An oral-facial cleft is a birth defect that occurs when the lip or the roof of the mouth do not form properly. The defect may include a cleft lip, a cleft palate or both.
A cleft lip is a gap in the upper lip, usually just below the nose. A cleft palate is a gap in the roof of the mouth or in the soft tissue at the back of the mouth. In the majority of cases, a cleft lip and cleft palate occur together.
What Causes a Cleft?
Early in pregnancy, all babies have an opening in the lip and palate. As the baby grows, these openings should gradually grow together and close by birth. In children with oral-facial clefts, these openings fail to close. The exact cause is unknown, though we know that genetics plays a key role.
Preventing Oral-Facial Clefts
Pregnant women and women who are likely to become pregnant can do the following to help prevent oral-facial clefts in their unborn children:
- Consume 400 micrograms of folic acid every day and eat foods containing folic acid, such as:
- Fruits and orange juice
- Green, leafy vegetables
- Dried beans and peas
- Pasta, rice, bread, flour and cereals
- Do not smoke or drink alcohol during pregnancy.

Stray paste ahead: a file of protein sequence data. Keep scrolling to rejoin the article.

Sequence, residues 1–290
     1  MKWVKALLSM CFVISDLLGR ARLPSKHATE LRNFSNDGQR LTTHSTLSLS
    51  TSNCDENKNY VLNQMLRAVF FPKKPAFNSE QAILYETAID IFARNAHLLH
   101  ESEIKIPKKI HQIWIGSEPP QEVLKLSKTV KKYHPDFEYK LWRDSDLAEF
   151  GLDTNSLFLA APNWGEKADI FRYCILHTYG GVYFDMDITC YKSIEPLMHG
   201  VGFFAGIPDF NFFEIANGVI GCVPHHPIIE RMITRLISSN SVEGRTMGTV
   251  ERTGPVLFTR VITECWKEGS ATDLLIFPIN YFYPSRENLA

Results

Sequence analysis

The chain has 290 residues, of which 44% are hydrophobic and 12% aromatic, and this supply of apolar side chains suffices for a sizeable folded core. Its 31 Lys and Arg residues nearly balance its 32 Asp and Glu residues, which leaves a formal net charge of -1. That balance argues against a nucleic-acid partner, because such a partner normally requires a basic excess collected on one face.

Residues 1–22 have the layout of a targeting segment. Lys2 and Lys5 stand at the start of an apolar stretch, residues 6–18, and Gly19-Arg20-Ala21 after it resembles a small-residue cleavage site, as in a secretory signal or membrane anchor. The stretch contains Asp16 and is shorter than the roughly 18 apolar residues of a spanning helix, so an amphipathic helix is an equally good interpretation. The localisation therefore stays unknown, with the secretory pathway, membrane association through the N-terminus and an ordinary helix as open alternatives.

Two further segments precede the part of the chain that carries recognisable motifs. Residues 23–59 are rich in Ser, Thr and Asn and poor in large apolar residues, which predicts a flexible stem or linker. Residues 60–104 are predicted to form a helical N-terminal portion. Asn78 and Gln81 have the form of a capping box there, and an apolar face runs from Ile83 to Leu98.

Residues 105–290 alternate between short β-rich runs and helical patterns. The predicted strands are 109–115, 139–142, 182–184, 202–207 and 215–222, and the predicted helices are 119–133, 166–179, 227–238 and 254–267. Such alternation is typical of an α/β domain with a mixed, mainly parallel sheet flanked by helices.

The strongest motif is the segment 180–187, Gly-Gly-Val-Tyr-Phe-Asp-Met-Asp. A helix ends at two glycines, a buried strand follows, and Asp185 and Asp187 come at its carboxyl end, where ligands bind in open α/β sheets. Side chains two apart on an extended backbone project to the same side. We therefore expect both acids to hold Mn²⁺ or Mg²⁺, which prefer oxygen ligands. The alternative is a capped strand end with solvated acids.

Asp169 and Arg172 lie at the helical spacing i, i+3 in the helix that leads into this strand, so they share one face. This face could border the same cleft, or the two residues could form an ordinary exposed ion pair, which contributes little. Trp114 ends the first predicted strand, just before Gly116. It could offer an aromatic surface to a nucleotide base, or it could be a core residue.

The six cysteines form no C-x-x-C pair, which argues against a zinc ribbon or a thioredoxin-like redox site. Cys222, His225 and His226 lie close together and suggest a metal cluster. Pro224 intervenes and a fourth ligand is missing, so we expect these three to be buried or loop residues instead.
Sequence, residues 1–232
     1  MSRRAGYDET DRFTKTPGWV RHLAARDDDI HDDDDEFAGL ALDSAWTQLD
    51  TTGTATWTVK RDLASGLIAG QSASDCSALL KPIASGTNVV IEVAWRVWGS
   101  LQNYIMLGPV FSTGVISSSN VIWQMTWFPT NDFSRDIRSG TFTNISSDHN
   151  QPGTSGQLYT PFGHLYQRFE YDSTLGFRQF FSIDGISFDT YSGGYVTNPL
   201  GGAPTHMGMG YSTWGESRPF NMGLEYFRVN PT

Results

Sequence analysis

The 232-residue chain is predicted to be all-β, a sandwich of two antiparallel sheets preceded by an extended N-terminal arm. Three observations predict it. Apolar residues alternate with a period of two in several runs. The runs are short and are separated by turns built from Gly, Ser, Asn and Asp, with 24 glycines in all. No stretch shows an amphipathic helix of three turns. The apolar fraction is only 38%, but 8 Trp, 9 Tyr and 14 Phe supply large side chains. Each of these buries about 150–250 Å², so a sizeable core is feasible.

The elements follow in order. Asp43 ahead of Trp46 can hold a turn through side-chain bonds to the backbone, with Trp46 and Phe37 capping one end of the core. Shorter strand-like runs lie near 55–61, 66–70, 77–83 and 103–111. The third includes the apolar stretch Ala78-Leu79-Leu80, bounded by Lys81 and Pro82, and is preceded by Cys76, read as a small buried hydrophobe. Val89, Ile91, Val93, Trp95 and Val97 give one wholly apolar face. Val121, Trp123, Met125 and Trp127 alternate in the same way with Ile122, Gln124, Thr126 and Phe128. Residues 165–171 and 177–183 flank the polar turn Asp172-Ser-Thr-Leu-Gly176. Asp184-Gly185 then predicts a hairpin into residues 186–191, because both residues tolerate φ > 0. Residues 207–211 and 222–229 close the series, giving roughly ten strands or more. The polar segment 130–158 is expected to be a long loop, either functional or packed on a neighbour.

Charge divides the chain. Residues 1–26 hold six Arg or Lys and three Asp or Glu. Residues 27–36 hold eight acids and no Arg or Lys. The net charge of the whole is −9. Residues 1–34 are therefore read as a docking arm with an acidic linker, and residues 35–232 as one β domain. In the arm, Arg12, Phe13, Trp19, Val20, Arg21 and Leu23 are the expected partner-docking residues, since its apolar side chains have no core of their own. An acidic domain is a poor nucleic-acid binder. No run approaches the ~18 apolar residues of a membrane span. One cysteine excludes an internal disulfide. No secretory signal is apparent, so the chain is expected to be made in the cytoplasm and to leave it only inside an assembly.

- Talk to your doctor about any medications during pregnancy.
- Get early and regular prenatal care.
A prenatal ultrasound can show a cleft lip or palate. Rarely, a mild cleft palate may go undiagnosed for several months or even years after birth.
Treating a Child With Cleft Palate
Plastic surgery can repair a cleft lip of a baby at 3-4 months old and cleft palate at about a year old. Surgery aims to close the gap in the lip and palate. Other surgery may also be needed to:
- Correct bite alignment
- Improve appearance and function
- Feeding problems, especially for a child with cleft palate
- Problems with speech development
- Dental problems, including missing teeth, especially when cleft lip extends to the upper gum area
- Symptoms of middle ear infections
- Hearing problems
- Symptoms of sleep-disordered breathing
Online Cleft Resources
Learn more about cleft palate and cleft lip.
Content was created using EBSCO’s Health Library. Edits to original content made by Rector and Visitors of the University of Virginia. This information is not a substitute for professional medical advice.